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Most underrated hockey players of all time

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08-04-2012, 10:37 AM
  #201
Dennis Bonvie
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Originally Posted by TheDevilMadeMe View Post
FYI, this thread (along with a few others) was recently moved to the history board from the main board. So his statement was probably true at the time he made it
Sorry.

Should have realized that, didn't really take note of poster.

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08-04-2012, 10:40 AM
  #202
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Originally Posted by Epsilon View Post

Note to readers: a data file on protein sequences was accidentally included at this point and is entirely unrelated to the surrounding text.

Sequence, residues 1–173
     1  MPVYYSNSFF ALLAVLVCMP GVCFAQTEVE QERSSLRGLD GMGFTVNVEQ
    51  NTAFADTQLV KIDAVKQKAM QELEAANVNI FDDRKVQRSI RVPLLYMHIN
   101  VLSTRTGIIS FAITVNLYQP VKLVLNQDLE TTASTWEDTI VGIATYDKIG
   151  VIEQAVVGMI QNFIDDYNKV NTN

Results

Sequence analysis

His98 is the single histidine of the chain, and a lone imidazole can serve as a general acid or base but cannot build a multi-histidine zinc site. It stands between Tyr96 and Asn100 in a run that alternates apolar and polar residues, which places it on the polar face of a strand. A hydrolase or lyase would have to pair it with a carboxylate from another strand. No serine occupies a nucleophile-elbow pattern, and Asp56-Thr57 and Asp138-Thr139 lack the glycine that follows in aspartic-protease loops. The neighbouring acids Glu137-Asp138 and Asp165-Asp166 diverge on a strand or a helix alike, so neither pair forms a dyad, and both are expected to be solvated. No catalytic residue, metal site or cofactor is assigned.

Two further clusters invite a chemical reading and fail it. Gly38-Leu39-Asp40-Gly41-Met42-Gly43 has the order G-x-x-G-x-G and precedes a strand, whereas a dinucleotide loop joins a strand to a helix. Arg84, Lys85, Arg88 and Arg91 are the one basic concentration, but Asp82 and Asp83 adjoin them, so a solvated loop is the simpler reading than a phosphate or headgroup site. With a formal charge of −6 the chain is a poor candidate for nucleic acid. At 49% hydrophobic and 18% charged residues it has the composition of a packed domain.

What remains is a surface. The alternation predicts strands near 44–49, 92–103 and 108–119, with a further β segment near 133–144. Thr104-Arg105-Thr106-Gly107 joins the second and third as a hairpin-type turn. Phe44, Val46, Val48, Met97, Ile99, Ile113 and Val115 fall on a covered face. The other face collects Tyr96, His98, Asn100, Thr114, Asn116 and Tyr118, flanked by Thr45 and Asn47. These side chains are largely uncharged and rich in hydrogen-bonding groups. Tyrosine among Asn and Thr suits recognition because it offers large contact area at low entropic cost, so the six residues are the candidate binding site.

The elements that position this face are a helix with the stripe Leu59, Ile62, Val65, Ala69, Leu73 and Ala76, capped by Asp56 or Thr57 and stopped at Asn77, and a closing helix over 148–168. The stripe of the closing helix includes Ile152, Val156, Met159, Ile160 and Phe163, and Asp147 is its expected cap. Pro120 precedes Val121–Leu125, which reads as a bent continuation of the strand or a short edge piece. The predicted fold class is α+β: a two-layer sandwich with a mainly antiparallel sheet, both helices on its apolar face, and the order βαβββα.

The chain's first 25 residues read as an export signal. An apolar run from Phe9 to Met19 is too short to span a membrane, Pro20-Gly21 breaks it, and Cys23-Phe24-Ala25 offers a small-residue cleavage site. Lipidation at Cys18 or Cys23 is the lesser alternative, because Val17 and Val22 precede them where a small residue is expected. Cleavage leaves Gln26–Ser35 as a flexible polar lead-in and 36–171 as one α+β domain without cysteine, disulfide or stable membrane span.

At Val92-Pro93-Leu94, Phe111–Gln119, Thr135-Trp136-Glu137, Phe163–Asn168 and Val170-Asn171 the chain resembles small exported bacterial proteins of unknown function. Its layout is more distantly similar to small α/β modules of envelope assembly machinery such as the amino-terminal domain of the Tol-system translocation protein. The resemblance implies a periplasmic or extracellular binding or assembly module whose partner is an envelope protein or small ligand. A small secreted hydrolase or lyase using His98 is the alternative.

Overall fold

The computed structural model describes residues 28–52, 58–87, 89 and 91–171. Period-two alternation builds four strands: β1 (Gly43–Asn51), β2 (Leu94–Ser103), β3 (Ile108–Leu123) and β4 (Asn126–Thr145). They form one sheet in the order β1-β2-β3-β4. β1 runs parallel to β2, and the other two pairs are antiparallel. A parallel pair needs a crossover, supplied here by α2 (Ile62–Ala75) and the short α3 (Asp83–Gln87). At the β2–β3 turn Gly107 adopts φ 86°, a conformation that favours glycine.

Ulf Samuelsson

One of the best defensive d-men of his era, but his career and contributions to two Stanley Cup champion teams are largely overlooked due to the hatchet job guys like Cherry and Milbury have done to him.
I think more of Ulf than Cherry & Milbury when the term hatchet is used.

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08-04-2012, 10:43 AM
  #203
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Originally Posted by vadim sharifijanov View Post
mccrimmon was a favourite of mine. tocchet was awesome, someimes forgotten but crucial guy on two team canadas. liked zezel a lot too. very underrated playmaker, unbelievable at faceoffs.
Excellent threesome.

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08-05-2012, 03:37 PM
  #204
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A few that come to mind:

Ron Francis, Pat LaFontaine, Mike Bossy, Larry Murphy, Al MacInnis, Mike Vernon, Pierre Turgeon, Luc Robitaille, Brian Leetch, Mike Modano, Ulf Samuelsson, Dave Andreychuk, Rick Tocchet, Vladimir Konstantinov, Ken Daneyko, and Bob Probert.